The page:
The small area between NW Australia and Indonesia in the eastern Indian Ocean (IO) is the only known spawning ground of Southern Bluefin Tuna (SBT), a critically endangered top marine predator. Adult SBT migrate thousands of miles each year from high latitude feeding areas to lay their eggs in these tropical waters, where food concentrations on average are below levels that can support optimal feeding and growth of their larvae. Many critical aspects of this habitat are poorly known, such as the main source of nitrogen nutrient that sustains system productivity, how the planktonic food web operates to produce the unusual types of zooplankton prey that tuna larvae prefer, and how environmental differences in habitat quality associated with ocean fronts and eddies might be utilized by adult spawning tuna to give their larvae a greater chance for rapid growth and survival success. This project investigates these questions on a 38-day expedition in early 2021, during the peak time of SBT spawning. This project is a US contribution to the 2nd International Indian Ocean Expedition (IIOE-2) that advances understanding of biogeochemical and ecological dynamics in the poorly studied eastern IO. This is the first detailed study of nitrogen and carbon cycling in the region linking Pacific and IO waters. The shared dietary preferences of SBT larvae with those of other large tuna and billfish species may also make the insights gained broadly applicable to understanding larval recruitment issues for top consumers in other marine ecosystems. New information from the study will enhance international management efforts for SBT. The shared larval dietary preferences of large tuna and billfish species may also extend the insights gained broadly to many other marine top consumers, including Atlantic bluefin tuna that spawn in US waters of the Gulf of Mexico. The end-to-end study approach, highlights connections among physical environmental variability, biogeochemistry, and plankton food webs leading to charismatic and economically valuable fish production, is the theme for developing educational tools and modules through the "scientists-in-the-schools"program of the Center for Ocean-Atmospheric Prediction Studies at Florida State University, through a program for enhancing STEM learning pathways for underrepresented students in Hawaii, and through public outreach products for display at the Birch Aquarium in San Diego. The study also aims to support an immersive field experience to introduce talented high school students to marine research, with the goal of developing a sustainable marine-related educational program for underrepresented students in rural northwestern Florida.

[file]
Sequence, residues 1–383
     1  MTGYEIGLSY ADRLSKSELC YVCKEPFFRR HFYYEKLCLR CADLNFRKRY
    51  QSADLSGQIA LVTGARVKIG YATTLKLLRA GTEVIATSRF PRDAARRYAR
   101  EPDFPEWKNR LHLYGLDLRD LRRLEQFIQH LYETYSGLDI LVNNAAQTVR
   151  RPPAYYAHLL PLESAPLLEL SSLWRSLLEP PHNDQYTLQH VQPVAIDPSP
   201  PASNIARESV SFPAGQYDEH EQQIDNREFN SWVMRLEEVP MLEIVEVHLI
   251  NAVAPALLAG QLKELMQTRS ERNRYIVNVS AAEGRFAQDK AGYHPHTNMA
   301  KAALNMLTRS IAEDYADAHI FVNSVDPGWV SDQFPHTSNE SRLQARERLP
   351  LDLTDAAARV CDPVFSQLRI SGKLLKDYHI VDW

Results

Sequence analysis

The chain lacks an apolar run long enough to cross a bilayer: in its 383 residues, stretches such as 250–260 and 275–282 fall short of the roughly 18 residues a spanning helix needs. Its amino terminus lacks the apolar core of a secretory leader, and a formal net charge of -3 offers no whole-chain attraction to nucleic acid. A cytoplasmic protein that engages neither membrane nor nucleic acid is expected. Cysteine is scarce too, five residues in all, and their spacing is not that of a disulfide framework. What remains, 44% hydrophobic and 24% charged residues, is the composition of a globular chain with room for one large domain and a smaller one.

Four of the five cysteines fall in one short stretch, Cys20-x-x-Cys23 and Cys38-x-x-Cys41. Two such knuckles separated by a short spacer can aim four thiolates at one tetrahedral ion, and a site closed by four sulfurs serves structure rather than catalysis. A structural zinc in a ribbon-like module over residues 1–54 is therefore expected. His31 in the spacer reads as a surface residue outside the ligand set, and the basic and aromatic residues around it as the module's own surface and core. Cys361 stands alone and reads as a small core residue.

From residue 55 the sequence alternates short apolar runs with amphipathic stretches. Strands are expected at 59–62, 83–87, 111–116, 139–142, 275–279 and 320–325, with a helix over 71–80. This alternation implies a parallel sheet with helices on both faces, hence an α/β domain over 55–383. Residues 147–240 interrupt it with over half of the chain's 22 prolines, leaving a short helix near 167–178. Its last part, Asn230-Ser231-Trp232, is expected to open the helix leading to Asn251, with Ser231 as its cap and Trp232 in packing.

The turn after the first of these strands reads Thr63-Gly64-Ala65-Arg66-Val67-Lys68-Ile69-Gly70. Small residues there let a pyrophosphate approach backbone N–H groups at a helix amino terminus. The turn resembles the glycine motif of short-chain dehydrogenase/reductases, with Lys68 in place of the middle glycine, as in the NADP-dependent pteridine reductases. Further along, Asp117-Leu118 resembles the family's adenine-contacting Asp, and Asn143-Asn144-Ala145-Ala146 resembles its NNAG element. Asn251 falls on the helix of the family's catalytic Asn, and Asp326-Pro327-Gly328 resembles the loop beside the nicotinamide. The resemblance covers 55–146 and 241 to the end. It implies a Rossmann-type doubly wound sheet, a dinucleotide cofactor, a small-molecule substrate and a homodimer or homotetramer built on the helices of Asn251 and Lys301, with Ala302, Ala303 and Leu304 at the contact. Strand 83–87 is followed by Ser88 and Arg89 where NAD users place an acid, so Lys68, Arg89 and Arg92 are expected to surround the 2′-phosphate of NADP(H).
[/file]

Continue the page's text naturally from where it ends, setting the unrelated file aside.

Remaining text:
Southern Bluefin Tuna (SBT) migrate long distances from high-latitude feeding grounds to spawn exclusively in a small oligotrophic area of the tropical eastern Indian Ocean (IO) that is rich in mesoscale structures, driven by complex currents and seasonally reversing monsoonal winds. To survive, SBT larvae must feed and grow rapidly under environmental conditions that challenge conventional understanding of food-web structure and functional relationships in poor open-ocean systems. The preferred prey of SBT larvae, cladocerans and Corycaeidae copepods, are poorly studied and have widely different implications for trophic transfer efficiencies to larvae. Differences in nitrogen sources - N fixation vs deep nitrate of Pacific origin - to sustain new production in the region also has implications for conditions that may select for prey types (notably cladocerans) that enhance transfer efficiency and growth rates of SBT larvae. The relative importance of these N sources for the IO ecosystem may affect SBT resiliency to projected increased ocean stratification. This research expedition investigates how mesoscale variability in new production, food-web structure and trophic fluxes affects feeding and growth conditions for SBT larvae. Sampling across mesoscale features tests hypothesized relationships linking variability in SBT larval feeding and prey preferences (gut contents), growth rates (otolith analyses) and trophic positions (TP) to the environmental conditions of waters selected by adult spawners. Trophic Positions of larvae and their prey are determined using Compound-Specific Isotope Analyses of Amino Acids (CSIA-AA). Lagrangian experiments investigate underlying process rates and relationships through measurements of water-column 14C productivity, N2 fixation, 15NO3- uptake and nitrification; community biomass and composition (flow cytometry, pigments, microscopy, in situ imaging, genetic analyses); and trophic fluxes through micro- and mesozooplankton grazing, remineralization and export. Biogeochemical and food web elements of the study are linked by CSIA-AA (N source, TP), 15N-constrained budgets and modeling. The project elements comprise an end-to-end coupled biogeochemistry-trophic study as has not been done previously for any pelagic ecosystem.